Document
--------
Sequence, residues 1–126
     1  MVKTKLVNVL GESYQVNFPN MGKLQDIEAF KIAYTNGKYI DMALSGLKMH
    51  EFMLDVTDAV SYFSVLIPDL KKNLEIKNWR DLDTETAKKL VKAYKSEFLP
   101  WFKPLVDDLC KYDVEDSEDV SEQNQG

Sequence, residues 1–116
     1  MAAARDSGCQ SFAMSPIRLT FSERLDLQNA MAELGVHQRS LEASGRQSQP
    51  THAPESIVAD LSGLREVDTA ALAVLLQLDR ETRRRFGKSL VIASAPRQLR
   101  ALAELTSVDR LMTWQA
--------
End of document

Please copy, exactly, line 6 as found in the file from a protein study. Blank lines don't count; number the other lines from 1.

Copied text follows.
     1  MAAARDSGCQ SFAMSPIRLT FSERLDLQNA MAELGVHQRS LEASGRQSQP